Thomas Deloney's Elizabethan novel Jack of Newberie is based on the life of the English clothier John Winchcombe or Jack of Newbury. In the second chapter, he marries for the second time. Deloney writes,

This wedding endured ten days, to the great reliefe of the poore that dwelt all about (...)

(If ten days seems long, remember Theseus words in Act V, scene 1 of A Midsummer Night's Dream: "A fortnight hold we this solemnity, / In nightly revels and new jollity.")

What is Deloney alluding to? What sort of relief is he thinking of?

1 Answer 1


Ancient and almost forgotten (wedding) custom is to not deny a traveler from your doorstep. In the times before hotels and such, a traveler would depend on the kindness of strangers who would let them sleep in their home, share meager food in exchange for tales of their travels or small gifts. One of the most ancient rights are so called guest rights, hospitium or xenia, divine right of guest and divine duty of host. To break those was to invite punishment from the gods. Even Odyssey has Odysseus disguising himself as a beggar.

In the later times, the custom wasn't so carefully observed. Yet, there was still a remnant of that belief and it went as follows: When people celebrated wedding or christening, it was considered a bad luck to refuse anyone wanting to join in the celebration. There are multiple stories and legends of kings, gods or fairies wandering around disguised as beggars and asking for alms. If the host received them gracefully, they would get a blessing from the god. If they mistreated the powerful person disguised as beggar, a quick, usually magical punishment such as curse would follow. See for example Beauty and The Beast or Sleeping Beauty. The more important the event (Birth of a child, wedding, even funeral), the more likely that supernatural being would try to join as an uninvited guest, disguised as vulnerable beggar.

Thus, beggars and generally poor people would be very happy when somebody celebrated a wedding, because they could join in the celebration and eat and drink for free. The longer the wedding celebrations, the more relieved they were of their poverty and hunger, if only temporarily. And if the host was rich, the food would be great too.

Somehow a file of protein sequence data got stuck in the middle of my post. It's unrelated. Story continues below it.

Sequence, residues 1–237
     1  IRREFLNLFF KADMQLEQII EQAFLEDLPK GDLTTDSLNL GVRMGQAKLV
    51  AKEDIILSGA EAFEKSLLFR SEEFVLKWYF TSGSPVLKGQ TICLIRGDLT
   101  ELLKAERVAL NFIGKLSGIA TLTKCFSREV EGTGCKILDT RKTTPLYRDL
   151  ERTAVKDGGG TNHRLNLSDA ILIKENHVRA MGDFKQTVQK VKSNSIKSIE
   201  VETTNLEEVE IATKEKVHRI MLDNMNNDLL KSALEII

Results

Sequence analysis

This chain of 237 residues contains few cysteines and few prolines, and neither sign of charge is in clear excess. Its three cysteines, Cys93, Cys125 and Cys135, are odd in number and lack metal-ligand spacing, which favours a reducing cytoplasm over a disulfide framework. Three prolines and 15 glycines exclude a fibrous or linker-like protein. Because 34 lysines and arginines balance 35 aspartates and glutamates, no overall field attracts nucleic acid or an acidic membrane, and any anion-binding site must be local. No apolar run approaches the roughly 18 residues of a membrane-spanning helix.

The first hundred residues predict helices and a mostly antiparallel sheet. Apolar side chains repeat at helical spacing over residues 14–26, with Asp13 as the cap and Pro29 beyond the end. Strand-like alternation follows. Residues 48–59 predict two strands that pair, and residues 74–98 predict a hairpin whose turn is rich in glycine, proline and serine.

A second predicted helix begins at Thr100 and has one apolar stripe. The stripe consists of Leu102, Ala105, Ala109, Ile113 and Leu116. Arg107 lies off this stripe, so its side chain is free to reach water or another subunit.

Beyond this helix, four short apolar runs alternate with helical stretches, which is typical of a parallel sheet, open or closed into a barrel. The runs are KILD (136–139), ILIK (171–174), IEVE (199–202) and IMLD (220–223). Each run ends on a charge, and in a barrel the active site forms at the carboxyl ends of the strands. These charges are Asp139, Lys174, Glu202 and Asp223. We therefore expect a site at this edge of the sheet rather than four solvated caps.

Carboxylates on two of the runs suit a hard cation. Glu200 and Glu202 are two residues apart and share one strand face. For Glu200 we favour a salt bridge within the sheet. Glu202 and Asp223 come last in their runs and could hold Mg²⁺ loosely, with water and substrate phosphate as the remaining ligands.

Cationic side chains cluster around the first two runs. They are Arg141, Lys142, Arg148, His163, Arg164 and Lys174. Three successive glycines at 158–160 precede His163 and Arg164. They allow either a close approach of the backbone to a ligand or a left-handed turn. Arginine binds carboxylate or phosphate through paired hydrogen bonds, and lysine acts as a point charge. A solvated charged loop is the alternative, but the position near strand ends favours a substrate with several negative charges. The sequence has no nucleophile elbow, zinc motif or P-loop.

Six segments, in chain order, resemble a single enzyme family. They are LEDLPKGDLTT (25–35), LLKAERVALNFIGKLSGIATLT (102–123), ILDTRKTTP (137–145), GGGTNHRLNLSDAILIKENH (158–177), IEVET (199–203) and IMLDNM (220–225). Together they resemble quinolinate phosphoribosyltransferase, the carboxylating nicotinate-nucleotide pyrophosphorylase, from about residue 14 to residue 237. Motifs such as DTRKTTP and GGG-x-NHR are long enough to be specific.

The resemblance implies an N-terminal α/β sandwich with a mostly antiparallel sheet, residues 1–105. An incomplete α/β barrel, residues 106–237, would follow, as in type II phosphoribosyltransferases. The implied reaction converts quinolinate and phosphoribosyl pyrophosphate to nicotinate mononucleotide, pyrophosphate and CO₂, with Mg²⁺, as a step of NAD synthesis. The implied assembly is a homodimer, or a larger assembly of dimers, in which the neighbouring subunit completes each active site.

Another reason for that belief was this quote from the Bible, Luke 14:13-14

"13 But when you host a banquet, invite the poor, the crippled, the lame, and the blind, 14 and you will be blessed. Since they cannot repay you, you will be repaid at the resurrection of the righteous.”"

For a modern look at that trope, lookup "The Mystery Knight" by George RR Martin in which a hedge knight joins wedding celebrations and tournament of lord of the lands they are passing through, along with a few more hedge knights.

Edit: Couldn't quite find confirmation of Tudor customs, except that Henri VIII organized multiple feasts all over the city of London and tournament when he married. It might be another status symbol: I am so rich and generous. I can show it by feeding the poor.

Found another custom though.

Another custom is when the couple left the church. Then the groom (or groom's brother or a godfather) would throw small coins to the mass gathered in front of the church to spread joy. And couples in southern France still throw coins when they leave the church as a throwback to a more ancient tradition, where child beggars were allowed to harass newlyweds. They'd often prevent them from leaving the church grounds until the groom paid them to go away. Customs with coins

  • Thanks for your answer, but do you have any sources from the Tudor period? That would vastly increase the pertinence of your answer to my question.
    – Tsundoku
    Commented Jun 13, 2019 at 9:21
  • 1
    As a minor aside, in Scotland at least, some element of this hung on certainly during my childhood in the west of Scotland in the 1970s, in the form of a 'Scramble'. As the couple were leaving the church the groom would chuck out handfuls of coins and the local children would scramble for them. Kids at school used to come in with the riches they had gained at a scramble (my parents not being locals familiar with the tradition never let me go...).
    – Spagirl
    Commented Jun 13, 2019 at 10:22
  • The tradition exists in the UK and Ireland as well as France. As I said in a previous comment, it's called a 'scramble' in Scotland, but also apparently a 'Hoy-oot' in Newcastle and a 'grushy' in Dublin.
    – Spagirl
    Commented Jun 14, 2019 at 10:50
  • @Spagirl it exists in Balkans as well. Only it is the job of Godfather to do it. The poor and singers would say "Kume, izgore ti kesa", which means "Godfather, may your money sack/wallet burns." . In any way, there are multiple reasons that poor around the wedding would be happy.
    – jo1storm
    Commented Jun 14, 2019 at 10:55

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